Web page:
It's Swarm Season!
Here in the Greater Cincinnati region our season normally begins and ends two weeks to either side of the official last day of frost, May 15th. In recent years, that window has been getting larger as we experience warming winters and springs. Swarms have been caught as early as the first week in April and as late as July and August.
What is a honeybee swarm? “Swarming is the process by which a new honey bee colony is formed when the queen bee leaves the colony with a large group of worker bees. In the prime swarm, about 60% of the worker bees leave the original hive location with the old queen. This swarm can contain thousands to tens of thousands of bees. Swarming is mainly a spring phenomenon, usually within a two- or three-week period depending on the locale, but occasional swarms can happen throughout the producing season.”  It is the method by which honeybees preserve their species and diversify the genetics of the hive.
When a swarm leaves the hive it travels only as far as the queen can fly. The first time bees swarm and leave the hive, they land on a branch or fence nearby forming a tight cluster of bees in a rough football-shape. Once the queen is ready to travel and the new site has been selected, the cluster will fly slowly to the next location creating a cloud of bees nearly 100 feet across. The swarm will then collect in a ball or mass again.
Carriage House Farm replaces winter hive losses by producing their own bees and catching swarms. Swarms can be from another beekeeper’s hive or from a “wild” hive located in a tree or in the wall of a home or business. With good maintenance, the relocated swarms will become main honey producers the following year. We collect swarms by gently brushing the bees into a box, allowing them to climb in themselves, or cutting the branch they are on and resting it in the box. Capturing a swarm usually takes less than an hour.
So, if you see a swarm call our Beekeeper Richard at 513-967-1106 and he, or his assistant Brandon, will come to collect it! 100% FREE OF CHARGE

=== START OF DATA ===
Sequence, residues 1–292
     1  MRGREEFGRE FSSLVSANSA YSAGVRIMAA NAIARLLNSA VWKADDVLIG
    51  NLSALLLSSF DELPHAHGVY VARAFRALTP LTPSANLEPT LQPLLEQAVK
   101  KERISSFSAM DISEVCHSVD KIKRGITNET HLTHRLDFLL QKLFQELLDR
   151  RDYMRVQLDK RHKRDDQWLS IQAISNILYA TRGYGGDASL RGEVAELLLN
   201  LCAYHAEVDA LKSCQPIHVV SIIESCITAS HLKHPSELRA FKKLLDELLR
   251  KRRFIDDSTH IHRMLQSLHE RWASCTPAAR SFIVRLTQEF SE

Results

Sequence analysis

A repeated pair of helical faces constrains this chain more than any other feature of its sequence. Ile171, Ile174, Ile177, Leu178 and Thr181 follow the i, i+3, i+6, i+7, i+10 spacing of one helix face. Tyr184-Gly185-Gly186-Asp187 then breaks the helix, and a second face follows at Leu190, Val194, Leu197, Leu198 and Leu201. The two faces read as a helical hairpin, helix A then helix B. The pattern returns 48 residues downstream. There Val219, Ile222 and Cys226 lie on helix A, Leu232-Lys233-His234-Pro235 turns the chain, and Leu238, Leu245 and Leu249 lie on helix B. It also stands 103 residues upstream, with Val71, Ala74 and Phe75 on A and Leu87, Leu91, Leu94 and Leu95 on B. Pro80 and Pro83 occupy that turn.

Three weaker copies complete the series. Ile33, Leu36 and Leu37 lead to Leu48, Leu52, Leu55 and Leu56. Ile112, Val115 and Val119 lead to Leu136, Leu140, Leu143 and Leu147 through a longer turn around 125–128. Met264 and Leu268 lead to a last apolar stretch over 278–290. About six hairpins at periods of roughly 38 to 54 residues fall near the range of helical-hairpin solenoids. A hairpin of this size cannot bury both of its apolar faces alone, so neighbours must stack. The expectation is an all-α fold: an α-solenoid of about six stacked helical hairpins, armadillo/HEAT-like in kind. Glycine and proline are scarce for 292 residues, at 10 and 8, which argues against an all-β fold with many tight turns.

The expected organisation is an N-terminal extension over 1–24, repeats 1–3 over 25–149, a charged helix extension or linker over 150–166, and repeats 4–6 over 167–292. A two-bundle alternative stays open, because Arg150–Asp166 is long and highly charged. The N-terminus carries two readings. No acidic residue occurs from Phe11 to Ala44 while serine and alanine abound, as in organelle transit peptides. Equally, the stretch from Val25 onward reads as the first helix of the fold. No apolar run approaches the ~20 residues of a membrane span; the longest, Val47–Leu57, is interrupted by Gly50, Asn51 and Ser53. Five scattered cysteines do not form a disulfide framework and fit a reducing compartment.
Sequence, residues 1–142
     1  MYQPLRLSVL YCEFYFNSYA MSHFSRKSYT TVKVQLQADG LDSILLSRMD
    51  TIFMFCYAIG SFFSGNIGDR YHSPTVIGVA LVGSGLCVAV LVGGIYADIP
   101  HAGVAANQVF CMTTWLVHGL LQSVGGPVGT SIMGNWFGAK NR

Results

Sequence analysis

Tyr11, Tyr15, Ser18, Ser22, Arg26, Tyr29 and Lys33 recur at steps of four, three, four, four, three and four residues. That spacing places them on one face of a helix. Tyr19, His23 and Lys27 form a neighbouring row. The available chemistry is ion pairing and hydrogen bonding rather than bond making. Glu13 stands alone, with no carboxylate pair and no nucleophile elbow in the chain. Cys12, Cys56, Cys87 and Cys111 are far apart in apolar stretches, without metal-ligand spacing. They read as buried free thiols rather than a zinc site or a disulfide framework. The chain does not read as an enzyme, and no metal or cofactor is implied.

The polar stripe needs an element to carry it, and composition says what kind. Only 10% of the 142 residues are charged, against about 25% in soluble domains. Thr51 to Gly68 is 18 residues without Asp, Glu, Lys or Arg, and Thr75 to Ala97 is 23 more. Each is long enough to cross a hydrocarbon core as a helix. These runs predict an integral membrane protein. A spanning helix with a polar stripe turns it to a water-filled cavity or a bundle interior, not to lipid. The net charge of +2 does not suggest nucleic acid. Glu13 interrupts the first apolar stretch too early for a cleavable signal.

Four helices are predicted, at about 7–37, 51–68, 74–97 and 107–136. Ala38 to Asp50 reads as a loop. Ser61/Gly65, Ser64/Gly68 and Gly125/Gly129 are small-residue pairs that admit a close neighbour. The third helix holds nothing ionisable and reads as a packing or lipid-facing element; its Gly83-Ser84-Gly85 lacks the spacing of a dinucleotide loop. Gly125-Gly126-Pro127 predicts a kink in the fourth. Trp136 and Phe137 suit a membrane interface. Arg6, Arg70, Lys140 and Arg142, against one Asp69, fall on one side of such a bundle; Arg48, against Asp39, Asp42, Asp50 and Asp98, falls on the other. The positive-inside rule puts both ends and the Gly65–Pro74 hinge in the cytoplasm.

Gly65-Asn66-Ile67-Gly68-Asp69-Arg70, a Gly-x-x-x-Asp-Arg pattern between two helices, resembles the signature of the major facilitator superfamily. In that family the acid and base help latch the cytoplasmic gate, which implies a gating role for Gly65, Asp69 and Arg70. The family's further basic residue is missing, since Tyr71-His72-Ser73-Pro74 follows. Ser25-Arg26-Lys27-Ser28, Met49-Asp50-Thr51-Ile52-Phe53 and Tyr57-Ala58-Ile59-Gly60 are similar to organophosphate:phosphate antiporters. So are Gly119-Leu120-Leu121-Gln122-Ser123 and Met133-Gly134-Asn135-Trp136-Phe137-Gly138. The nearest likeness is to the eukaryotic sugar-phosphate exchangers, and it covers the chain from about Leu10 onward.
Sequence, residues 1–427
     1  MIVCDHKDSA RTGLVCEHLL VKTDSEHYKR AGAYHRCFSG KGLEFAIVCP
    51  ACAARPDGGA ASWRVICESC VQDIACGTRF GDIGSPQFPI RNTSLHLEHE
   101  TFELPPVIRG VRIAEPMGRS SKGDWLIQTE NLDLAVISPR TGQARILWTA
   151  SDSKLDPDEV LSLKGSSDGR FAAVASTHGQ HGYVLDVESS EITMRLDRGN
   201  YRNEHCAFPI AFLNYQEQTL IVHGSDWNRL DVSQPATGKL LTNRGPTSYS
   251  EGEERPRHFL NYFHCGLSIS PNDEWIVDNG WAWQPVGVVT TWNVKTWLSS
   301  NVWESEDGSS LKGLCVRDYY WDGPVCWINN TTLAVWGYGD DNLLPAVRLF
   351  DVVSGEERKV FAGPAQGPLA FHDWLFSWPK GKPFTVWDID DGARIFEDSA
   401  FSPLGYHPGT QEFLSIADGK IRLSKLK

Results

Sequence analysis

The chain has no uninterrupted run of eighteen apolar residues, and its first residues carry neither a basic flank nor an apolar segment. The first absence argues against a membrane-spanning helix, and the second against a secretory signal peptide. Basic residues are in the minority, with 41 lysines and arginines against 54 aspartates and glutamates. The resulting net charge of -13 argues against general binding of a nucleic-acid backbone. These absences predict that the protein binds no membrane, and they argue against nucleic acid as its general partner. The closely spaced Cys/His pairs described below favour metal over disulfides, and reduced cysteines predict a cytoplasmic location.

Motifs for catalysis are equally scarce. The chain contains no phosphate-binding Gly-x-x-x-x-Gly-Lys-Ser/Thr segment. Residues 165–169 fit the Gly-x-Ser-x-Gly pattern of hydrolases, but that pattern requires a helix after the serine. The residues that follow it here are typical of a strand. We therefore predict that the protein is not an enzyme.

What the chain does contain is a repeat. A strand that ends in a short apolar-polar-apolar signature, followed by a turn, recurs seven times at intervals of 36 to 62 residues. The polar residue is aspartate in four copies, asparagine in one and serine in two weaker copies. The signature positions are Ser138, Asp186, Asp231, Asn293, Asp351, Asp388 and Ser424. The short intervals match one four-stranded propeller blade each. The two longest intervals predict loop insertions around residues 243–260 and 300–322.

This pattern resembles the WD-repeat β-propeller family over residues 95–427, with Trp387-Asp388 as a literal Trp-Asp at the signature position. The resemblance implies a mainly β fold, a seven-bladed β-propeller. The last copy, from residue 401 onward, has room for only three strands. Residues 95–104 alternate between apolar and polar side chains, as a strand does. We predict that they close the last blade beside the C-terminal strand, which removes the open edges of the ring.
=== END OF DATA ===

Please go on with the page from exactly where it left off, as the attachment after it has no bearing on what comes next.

Are honeybee swarms dangerous?
No. Normally they are sedate. The bees have ingested enough honey to survive for several days and are a bit “honey drunk.” They will defend themselves if provoked. Cold weather and rain can change their mood for the worse.
Can I legally spray them?
In Ohio, yes. But we would prefer that you did not. And we will collect the swarm for you 100% free of charge.
We need honey bees. They are the tiny laborers who pollinate plants thereby creating a huge percentage of all of human beings’ edible crops. And their numbers are dwindling every year.
Swarms will move on in a couple hours unless the temperature drops or it begins raining. If a beekeeper is unable to collect them simply let them be and they will move on. Most pest control companies will not spray swarms so your best bet is a beekeeper.
Do beekeepers charge to remove swarms?
Most often they do not. Carriage House Farm performs this service free of charge.
I have bees in my walls, is this a swarm?
No, most likely it is a colony and has set up residence in your structure and will need to be removed. Spraying to simply kill them will leave dead insects, brood, wax, and lots of honey in the wall and attract other pests. Contact a beekeeper that will do colony removals also called “cut-outs.”
If Carriage House Farm cannot remove my bees is there another beekeeper that can?
Yes. We recommend the following local bee organizations to find a another beekeeper if we are unable to help you. Both groups have extensive lists of beekeepers that remove swarms and/or remove colonies from structure: Southeastern Indiana Beekeepers Association ( http://www.indianahoney.org/ ) and the Southwestern Ohio Beekeepers Association ( http://www.swohiobeekeepers.com/ )
 Swarming Behavior of Honey Bees (Hymenoptera: Apidae) in Southeastern Louisiana, José D. Villa Annals of the Entomological Society of America, Volume 97, Issue 1, 1 January 2004, Pages 111–116, https://doi.org/10.1603/0013-8746(2004)097[0111:SBOHBH]2.0.CO;2